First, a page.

Testing of 20Mo-6 HS® Stainless to High Pressure and High Temp Simulated Oil and Gas Well Environment
Oil and gas wells today present significantly more complex conditions, higher pressures and higher temperatures due to increasingly greater depths. Depth-related challenges include the presence of corrosive hydrogen sulfide and carbon dioxide. Despite the hostile environments in deep wells, oil well service companies continue to be tasked with logging and need confidence in the materials they send downhole.
Carpenter’s CarTech 20Mo-6 HS® stainless alloy has been in service for wireline applications for nearly twenty years, although test data for simulated well exposure are only available up to 350°F (177°C) and 5,000 psi (34.5 MPa). Verifying the performance of CarTech 20Mo-6HS stainless in these high pressure/high temperature well environments was to be accomplished by using .031 in. (.7874 mm) round wire that has been used for wireline applications. This material possesses a nominal ultimate tensile strength of 285 ksi (1965 MPa) and meets existing requirements for wireline intended for high temperature/high pressure oil well logging. Two sets of test conditions were provided by oil well service companies to simulate the environment that could be encountered during downhole well bottom exposure and are listed in Table 1.
The first test consisted of eight straightened lengths of the .031 in. diameter wire fixtured to remain fully contained in the liquid phase for the duration of the test.
Test Condition NO. 1
The medium was 25% H2S, 75% CO2, 15% Chlorides, 8000 PSI at 400°F (204°C), for 7 days. Specimens were straight lengths of wire approximately 8 inches (20 cm) long.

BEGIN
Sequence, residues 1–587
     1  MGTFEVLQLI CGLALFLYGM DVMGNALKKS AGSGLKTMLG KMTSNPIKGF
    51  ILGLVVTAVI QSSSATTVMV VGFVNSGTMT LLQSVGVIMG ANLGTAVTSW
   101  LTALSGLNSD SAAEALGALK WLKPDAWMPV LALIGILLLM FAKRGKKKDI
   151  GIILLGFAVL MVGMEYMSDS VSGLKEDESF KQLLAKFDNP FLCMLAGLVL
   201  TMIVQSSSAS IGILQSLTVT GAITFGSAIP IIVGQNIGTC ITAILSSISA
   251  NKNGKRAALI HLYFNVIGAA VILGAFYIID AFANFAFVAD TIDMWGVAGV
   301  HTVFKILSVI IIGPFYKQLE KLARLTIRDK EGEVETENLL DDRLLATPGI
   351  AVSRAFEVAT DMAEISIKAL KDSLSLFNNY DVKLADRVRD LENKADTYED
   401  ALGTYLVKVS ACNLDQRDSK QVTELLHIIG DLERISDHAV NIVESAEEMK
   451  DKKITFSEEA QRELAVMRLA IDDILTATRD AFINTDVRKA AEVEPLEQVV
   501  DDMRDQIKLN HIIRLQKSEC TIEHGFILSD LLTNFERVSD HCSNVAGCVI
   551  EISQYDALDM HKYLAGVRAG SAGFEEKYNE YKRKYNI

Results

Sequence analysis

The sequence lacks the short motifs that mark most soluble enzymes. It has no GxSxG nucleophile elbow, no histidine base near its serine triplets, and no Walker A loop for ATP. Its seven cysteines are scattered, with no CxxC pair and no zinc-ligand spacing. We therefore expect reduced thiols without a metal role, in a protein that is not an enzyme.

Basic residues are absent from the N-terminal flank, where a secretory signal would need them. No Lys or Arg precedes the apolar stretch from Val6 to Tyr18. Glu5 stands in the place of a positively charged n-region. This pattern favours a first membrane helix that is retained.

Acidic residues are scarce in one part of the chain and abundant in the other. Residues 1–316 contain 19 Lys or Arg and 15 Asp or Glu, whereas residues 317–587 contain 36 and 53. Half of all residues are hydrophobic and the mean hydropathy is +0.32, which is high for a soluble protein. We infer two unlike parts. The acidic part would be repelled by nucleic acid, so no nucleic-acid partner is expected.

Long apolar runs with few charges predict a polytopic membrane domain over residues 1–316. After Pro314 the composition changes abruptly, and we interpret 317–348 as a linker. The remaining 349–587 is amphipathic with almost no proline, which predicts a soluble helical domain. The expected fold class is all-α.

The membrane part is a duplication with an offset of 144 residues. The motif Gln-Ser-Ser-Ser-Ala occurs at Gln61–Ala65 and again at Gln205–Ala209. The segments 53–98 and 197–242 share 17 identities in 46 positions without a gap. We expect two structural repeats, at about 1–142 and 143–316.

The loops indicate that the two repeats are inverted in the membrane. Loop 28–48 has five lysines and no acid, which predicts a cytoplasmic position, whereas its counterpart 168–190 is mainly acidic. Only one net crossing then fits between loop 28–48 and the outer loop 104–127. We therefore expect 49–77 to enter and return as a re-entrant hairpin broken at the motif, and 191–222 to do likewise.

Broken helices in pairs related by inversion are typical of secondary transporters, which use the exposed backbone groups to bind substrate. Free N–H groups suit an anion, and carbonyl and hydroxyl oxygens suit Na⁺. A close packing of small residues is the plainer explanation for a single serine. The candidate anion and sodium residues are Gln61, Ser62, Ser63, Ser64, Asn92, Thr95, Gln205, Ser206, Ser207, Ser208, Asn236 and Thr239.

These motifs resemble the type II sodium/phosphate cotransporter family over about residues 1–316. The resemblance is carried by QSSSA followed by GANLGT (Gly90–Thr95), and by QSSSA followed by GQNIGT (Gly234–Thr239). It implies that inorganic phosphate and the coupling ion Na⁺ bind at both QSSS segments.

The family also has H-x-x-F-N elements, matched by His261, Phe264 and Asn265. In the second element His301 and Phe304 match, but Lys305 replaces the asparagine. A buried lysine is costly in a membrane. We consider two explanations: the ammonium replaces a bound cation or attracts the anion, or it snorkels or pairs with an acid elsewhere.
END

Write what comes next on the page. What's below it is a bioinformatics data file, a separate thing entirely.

The second test consisted of 12 bent wire (loop) specimens of .031 in. (.7874 mm) diameter wire, six 7/16 in. (1.11 mm) diameter loop and six 15/16 in. (2.38 mm) diameter loop.
Test Condition NO.2
Specimens were subjected to a 14-day immersion in a deaerated solution of saturated sodium chloride (~26 wt. % NaCl at room temperature) + 5 wt. % magnesium chloride (MgCl2) at 10,000 psig (68.9 MPa) and 400°F (204°C). The vapor phase was composed of 5% hydrogen sulfide (H2S) + 95% nitrogen (N2).
Honeywell Corrosion Solutions performed all modeling of the test conditions and testing. At the conclusion of the exposures, the specimens were visually examined and the observations are listed in Table 2.
Samples from both tests were found to contain black scale on the surface, which when removed showed slight etching of the surface. Visual inspection revealed no evidence of pitting or cracking on any of the specimens, and metallographic examination confirmed the absence of any cracking (Figure 5).
The straight wire specimens from Test Condition No. 1 were evaluated for ductility by wrapping the wire around a mandrel of equal diameter without fracture. A photo of the wrap test after exposure is shown in Figure 6.
The corrosion rate was calculated for specimens subjected to Test Condition No. 1, and results are shown in Table 3. The rate of 1.3 mpy is considered negligible and is indicative of the material’s performance in these aggressive conditions.
Based on the results of these environmentally assisted cracking exposure tests, Carpenter’s CarTech 20Mo-6 HS stainless at high strength levels (285 ksi) is capable of meeting the performance expectations of oil well service companies that require logging high pressure/high temperature wells exposed to corrosive hydrogen sulfide, carbon dioxide and high chlorides.
CarTech and 20Mo-6 HS are registered trademarks of CRS Holdings, Inc. a subsidiary of Carpenter Technology Corporation.